Despite efforts to streamline the armed forces, the nation’s 215,000-strong military is still too large at 0.9 percent of the total population, President Ma Ying-jeou (馬英九) said.
Meeting yesterday with Robert Willard, former head of US Pacific Command from 2009 to 2012, Ma said that a ratio of 0.6 percent to 0.7 percent of the population was enough to ensure sufficient defensive capabilities.
The figures, which translate into a force of between 143,000 and 167,000 servicepeople, are lower than those announced by the Ministry of National Defense earlier this year.
The ministry has said its goal is to trim down the military from 2015 to 2019 to eventually produce a professional fighting force of between 170,000 and 190,000 personnel.
Ma explained Taiwan’s efforts to adjust the organization of its defense apparatus and restructure the military to Willard, who is in Taiwan as head of a delegation, the Seattle-based think tank National Bureau of Asian Research.
The Republic of China had a force of 600,000 when the government moved from China to Taiwan in 1949, Ma said. Recent streamlining efforts reduced armed forces personnel to 450,000 in 1998 before the number eventually dropped to the current 215,000, he said.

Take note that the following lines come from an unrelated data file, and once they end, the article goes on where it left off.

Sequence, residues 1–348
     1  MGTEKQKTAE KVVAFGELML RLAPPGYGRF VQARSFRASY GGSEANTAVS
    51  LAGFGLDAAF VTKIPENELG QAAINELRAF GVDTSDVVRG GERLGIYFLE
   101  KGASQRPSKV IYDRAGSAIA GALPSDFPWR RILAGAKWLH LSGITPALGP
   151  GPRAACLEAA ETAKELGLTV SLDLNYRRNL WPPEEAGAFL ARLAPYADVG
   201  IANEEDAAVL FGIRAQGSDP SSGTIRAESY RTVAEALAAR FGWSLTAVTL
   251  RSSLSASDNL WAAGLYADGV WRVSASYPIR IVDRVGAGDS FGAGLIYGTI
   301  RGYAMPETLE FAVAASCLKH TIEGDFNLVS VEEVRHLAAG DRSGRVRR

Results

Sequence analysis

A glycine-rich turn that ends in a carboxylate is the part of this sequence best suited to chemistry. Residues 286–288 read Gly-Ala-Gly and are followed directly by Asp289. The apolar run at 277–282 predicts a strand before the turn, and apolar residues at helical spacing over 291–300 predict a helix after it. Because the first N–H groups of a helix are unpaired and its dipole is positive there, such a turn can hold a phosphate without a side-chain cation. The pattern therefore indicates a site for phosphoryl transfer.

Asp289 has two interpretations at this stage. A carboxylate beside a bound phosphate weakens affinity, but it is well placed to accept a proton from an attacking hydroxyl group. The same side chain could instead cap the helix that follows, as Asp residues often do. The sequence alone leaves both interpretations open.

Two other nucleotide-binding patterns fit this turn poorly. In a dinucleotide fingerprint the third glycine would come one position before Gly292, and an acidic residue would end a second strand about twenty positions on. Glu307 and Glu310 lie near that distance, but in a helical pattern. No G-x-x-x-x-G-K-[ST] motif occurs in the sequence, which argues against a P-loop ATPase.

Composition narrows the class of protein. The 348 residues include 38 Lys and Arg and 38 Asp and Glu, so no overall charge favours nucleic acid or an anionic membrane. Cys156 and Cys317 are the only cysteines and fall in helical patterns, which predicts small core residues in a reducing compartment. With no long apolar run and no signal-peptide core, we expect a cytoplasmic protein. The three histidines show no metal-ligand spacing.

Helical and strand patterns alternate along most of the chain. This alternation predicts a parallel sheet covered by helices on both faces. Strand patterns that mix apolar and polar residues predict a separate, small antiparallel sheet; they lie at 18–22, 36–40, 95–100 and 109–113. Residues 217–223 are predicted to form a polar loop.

Ma also reiterated the government’s determination to shift to an all-volunteer force.
He listed incentives like higher pay for volunteer soldiers and non-commissioned officers and opportunities to learn skills that are transferable to the civilian workplace.
However, the shift has been marked with hiccups, as disappointing recruitment numbers have forced the military to push back the implementation of an all-volunteer force from 2015 to 2017.
To hit the 2017 goal, the armed forces will need to recruit more than 10,000 servicepeople annually in 2015 and 2016, and about 7,000 in 2017, Minister of National Defense Yen Ming (嚴明) said.